New phase for Chinese-Australian CO2 storage collaboration
08 May 2013
Australia and China can expect to have an improved understanding about the geological storage of carbon dioxide (CO2) following a meeting in Melbourne this week of leading researchers from both countries.
About 25 researchers are attending the first workshop in Phase 2 of the China-Australia Geological Storage of CO2 (CAGS) Project. The project is a collaborative capacity building program aimed at accelerating the development and application of geological storage technologies in both Australia and China to help reduce greenhouse gas emissions.
The collaboration is funded by the Australian Government under the Australia-China Joint Coordination Group on Clean Coal Technology and is jointly managed by Geoscience Australia and the Administrative Centre for China's Agenda 21, Ministry of Science and Technology.
The Melbourne workshop will focus on monitoring associated with CO2 geological storage, an activity which is particularly important in verifying the geological integrity of the storage.
The workshop organiser, Geoscience Australia researcher Andrew Barrett, said the workshop would help researchers to develop their technical skills in monitoring methods and to evaluate new techniques to detect and quantify greenhouse gas emissions.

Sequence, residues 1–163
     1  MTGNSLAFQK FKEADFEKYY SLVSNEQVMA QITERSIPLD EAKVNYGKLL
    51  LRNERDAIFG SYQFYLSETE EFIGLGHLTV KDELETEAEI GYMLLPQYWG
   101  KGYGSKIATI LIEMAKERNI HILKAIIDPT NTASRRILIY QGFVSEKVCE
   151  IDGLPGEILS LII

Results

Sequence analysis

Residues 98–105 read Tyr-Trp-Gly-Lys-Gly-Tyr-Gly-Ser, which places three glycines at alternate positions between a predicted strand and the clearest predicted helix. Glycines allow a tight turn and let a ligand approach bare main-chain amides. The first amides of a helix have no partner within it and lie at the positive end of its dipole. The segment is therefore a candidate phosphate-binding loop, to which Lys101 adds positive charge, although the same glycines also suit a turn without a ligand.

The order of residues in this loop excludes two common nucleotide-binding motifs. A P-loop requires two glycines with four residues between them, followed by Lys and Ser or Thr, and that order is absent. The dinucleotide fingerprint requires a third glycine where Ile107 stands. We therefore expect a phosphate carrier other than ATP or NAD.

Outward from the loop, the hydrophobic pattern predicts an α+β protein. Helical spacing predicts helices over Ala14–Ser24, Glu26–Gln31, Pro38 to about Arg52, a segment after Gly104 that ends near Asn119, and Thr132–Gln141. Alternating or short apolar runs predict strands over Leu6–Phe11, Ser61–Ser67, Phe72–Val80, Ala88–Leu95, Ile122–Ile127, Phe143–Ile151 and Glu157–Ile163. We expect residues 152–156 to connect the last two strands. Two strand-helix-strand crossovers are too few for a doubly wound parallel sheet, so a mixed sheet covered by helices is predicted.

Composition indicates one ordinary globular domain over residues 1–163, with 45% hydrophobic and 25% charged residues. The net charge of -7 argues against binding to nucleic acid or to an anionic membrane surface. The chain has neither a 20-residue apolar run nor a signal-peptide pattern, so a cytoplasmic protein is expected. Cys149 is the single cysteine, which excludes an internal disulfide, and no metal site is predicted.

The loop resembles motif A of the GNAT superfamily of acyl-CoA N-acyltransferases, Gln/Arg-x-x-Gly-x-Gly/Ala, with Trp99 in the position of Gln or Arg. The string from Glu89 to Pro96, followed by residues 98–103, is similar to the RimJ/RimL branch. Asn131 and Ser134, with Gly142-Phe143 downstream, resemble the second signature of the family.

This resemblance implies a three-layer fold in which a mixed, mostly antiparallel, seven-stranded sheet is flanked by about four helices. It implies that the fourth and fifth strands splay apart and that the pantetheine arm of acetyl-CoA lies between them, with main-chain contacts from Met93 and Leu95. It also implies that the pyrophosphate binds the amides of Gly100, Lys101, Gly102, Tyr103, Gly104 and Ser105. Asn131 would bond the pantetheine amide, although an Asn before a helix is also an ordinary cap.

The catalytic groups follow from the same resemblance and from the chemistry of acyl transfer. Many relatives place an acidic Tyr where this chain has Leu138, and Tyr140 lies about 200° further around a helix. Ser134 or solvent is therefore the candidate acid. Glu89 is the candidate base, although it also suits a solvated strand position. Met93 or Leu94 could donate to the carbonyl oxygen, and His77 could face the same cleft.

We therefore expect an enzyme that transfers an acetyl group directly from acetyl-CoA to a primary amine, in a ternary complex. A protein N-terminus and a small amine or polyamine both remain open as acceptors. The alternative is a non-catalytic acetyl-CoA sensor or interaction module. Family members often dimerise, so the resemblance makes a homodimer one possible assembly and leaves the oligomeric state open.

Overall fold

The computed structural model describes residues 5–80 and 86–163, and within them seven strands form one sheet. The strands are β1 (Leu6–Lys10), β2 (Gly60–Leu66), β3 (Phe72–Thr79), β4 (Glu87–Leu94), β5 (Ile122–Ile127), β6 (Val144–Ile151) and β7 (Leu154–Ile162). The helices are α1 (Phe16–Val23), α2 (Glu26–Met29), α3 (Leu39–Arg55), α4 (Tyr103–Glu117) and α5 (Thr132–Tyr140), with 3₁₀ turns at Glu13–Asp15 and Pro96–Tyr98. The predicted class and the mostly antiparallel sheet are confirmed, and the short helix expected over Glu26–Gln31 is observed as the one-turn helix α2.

“The workshop will also consider other research being undertaken to measure background CO2 levels in the atmosphere, which helps to establish a baseline for measuring possible emissions at potential geological storage sites,” Mr Barrett said.
“Other capacity building events planned under Phase 2 of the CAGS Project include additional technical workshops and summer schools as well as research projects investigating specific issues associated with the geological storage of CO2 and researcher and student exchanges between China and Australia to share knowledge and provide training,” he said.
As part of the workshop, participants will visit the CO2CRC Otway Project in Victoria which is one of the largest CO2 storage research and demonstration projects in the world, and the first operating demonstration of deep geological storage in Australia. The project also includes one of the world’s most comprehensive greenhouse gas monitoring programs.
Topic contact: email@example.com Last updated: May 7, 2013